In male-dominated workplaces, women tend to be less confident than men. Heather Sarsons and Guo Xu conducted research into confidence levels of successful economists and found that the gender gap is largely driven by women’s lack of confidence when asked questions on topics outside their field of expertise. Addressing the confidence gap may require further thought over what the “right” level of confidence should look like.
We have made tremendous strides toward reaching gender equality. Women are entering the workforce in larger numbers than ever. They outnumber men in university enrollment. Yet women are still promoted at lower rates than men are. While efforts have been made to increase female representation in science and math, women tend to leave those subjects at higher rates than men at all points in their careers. This is particularly prominent in academia: in economics, for example, women have been earning approximately 1/3 of doctoral degrees since the early 2000s. In 2012, however, only 28% of assistance professors, 22% of associate professors, and 12% of full professors are female.
Of course, there are many explanations for a “leaky pipeline” in academia: the “baby penalty”, everyday sexism at the workplace, and old boy networks. Anecdotes for such gender barriers abound – but these are all external barriers, leaving a more fundamental question aside: what if women behave intrinsically differently in competitive work environments? Indeed, much research has pointed to the role that psychological factors play in explaining the persistence of the gender gap at the workplace. The role of confidence is central: in male-dominated workplaces, women tend to be less confident than men are.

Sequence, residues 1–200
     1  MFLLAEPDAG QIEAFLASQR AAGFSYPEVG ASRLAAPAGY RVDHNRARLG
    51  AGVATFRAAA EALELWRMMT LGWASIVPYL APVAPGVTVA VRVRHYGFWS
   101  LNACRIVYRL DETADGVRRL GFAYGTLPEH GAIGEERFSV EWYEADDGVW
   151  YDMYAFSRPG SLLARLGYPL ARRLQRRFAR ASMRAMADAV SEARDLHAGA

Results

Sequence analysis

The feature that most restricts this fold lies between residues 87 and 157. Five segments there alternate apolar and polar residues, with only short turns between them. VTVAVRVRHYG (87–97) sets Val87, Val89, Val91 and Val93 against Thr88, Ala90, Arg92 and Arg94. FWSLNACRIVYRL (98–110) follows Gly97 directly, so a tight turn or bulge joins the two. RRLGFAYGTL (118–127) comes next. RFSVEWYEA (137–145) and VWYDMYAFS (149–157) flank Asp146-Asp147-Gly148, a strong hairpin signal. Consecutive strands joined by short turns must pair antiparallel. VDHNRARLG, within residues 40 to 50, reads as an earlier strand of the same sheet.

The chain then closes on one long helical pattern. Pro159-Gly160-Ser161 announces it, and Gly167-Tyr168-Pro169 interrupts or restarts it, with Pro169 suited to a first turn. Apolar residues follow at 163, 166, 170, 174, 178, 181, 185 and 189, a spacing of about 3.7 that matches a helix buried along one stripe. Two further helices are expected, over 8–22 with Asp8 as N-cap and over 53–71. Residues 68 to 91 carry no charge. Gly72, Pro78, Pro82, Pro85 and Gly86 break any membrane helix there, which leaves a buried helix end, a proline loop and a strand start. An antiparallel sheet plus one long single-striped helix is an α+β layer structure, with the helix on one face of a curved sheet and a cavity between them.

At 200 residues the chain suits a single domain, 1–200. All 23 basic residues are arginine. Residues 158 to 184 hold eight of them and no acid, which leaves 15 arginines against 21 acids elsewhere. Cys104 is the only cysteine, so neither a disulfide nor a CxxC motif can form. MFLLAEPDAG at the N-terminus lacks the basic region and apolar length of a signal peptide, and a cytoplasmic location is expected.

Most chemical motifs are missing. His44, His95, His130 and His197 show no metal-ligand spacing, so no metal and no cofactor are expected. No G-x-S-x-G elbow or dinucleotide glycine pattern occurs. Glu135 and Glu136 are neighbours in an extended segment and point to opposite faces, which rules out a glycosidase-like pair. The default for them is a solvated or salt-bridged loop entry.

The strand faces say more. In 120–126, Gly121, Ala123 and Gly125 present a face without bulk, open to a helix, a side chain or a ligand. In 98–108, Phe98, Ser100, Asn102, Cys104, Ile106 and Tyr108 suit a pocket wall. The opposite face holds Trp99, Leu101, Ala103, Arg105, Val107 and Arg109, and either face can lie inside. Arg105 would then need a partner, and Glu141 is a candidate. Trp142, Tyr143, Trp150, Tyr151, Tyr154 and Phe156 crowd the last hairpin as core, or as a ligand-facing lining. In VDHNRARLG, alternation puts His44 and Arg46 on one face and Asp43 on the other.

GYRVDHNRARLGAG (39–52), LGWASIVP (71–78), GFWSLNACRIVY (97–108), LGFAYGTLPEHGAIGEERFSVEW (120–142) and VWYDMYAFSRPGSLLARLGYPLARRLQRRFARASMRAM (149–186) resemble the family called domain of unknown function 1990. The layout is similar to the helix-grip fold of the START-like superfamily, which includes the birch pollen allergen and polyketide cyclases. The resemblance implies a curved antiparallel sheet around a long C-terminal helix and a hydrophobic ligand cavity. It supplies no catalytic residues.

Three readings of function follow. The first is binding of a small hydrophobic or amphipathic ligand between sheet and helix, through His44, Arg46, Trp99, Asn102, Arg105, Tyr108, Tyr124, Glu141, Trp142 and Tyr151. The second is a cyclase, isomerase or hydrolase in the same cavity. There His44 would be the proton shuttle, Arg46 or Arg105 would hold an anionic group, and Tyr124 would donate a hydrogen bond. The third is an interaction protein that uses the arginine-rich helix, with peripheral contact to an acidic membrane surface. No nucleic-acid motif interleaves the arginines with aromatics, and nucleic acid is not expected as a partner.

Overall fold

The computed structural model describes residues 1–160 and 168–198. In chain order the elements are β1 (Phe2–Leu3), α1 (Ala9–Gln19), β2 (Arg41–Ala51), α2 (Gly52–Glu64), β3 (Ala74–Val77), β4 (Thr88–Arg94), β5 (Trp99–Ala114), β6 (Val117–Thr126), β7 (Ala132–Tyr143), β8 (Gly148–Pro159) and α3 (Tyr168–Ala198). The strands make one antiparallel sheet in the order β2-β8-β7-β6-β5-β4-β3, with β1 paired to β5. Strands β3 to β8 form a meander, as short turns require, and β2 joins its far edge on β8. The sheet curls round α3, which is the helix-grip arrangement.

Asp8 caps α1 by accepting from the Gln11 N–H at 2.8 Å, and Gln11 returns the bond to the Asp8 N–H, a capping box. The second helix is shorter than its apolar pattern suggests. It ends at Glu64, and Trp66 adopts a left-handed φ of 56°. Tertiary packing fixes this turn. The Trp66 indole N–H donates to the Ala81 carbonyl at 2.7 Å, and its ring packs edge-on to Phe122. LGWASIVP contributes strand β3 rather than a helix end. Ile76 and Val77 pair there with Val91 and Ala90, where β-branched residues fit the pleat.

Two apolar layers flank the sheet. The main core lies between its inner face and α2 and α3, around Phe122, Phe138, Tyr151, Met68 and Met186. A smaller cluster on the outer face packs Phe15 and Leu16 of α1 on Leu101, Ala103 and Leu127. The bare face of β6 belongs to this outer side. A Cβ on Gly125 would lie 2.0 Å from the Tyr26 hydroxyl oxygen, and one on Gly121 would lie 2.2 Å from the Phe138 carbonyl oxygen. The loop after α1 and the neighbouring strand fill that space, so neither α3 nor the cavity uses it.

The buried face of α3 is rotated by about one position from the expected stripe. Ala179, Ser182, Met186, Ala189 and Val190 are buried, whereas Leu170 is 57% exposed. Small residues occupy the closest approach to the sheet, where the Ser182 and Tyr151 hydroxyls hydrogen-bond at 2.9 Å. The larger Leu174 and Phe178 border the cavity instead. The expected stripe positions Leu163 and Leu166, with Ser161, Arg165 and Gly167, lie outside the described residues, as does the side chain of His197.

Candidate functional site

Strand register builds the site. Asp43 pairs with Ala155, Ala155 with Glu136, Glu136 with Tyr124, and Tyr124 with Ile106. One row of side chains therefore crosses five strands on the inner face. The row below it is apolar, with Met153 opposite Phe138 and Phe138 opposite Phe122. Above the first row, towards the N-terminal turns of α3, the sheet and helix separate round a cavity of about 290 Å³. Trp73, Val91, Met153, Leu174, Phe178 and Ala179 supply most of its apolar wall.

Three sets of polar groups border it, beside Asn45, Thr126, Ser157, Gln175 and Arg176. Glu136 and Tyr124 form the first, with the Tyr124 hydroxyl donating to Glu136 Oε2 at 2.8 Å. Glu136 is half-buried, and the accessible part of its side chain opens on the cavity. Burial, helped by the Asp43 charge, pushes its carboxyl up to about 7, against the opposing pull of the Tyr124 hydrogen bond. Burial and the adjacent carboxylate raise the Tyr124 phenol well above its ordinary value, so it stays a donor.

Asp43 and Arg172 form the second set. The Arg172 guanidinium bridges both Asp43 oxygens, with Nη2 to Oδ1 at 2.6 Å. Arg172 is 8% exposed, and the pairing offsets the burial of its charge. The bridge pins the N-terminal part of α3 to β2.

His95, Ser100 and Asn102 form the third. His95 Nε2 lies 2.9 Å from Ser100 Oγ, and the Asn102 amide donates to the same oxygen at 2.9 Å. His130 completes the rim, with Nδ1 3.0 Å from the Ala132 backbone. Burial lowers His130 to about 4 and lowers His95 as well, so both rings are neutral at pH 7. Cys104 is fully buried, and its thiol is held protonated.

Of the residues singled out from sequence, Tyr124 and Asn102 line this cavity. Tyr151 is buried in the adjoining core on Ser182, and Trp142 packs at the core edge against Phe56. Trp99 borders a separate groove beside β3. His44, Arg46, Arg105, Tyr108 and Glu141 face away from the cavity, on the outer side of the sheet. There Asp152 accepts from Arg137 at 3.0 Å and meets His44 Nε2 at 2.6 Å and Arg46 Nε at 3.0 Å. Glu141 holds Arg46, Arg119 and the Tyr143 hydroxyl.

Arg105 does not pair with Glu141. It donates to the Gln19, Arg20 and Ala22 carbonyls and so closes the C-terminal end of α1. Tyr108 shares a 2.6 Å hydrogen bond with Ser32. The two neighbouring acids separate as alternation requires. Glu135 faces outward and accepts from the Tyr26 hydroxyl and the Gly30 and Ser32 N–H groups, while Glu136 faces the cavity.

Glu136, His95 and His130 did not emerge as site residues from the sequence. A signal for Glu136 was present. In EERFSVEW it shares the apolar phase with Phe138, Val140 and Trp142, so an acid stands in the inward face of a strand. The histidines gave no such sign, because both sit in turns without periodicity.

Underconfidence can magnify initial disadvantages: women are more reluctant to ask for promotions, bargain over salary increases and are thus paid less than their male counterparts. They are less likely to speak up in meetings, or appear less confident when presenting research results– a huge disadvantage where first impressions at research seminars and conference talks matter. There is also a double standard: women who are confident are viewed as less likeable and overly assertive, while the same does not apply to men (boss vs. bossy etc.).
Image credit: Wonder Woman & Superman by Cristian Borquez (Flickr, CC BY)
In our research, we turn our focus to the end of the “career funnel”. Does a confidence gap exist between women and men who have made it to the tops of their professions? Given the existing research, one might expect that women who break the “glass ceiling” are necessarily confident and maybe even overconfident. At the same time, if women are penalized for being confident, a confidence gap may still persist.
We study a set of top academic economists holding full tenure positions at top U.S. universities. The top economists under study are drawn from the IGM survey, which collects expert assessments from these select academics on a series of economics and policy questions. Each economist in the survey is asked for their opinion on a wide range of issues. These range from questions on inequality (“The most powerful force pushing towards greater wealth inequality in the US since the 1970s is the gap between the after-tax return on capital and the economic growth rate.”) to Russian sanctions (“Past experience suggests that economic sanctions do little to deter the target countries from their course of action”). For each of these questions, the experts are asked to state their level of agreement on a scale of 1 (Strongly agree) to 5 (Strongly disagree). In addition, they are asked to provide their level of confidence they have in the accuracy of their answer (1 no confidence to 10 very confident).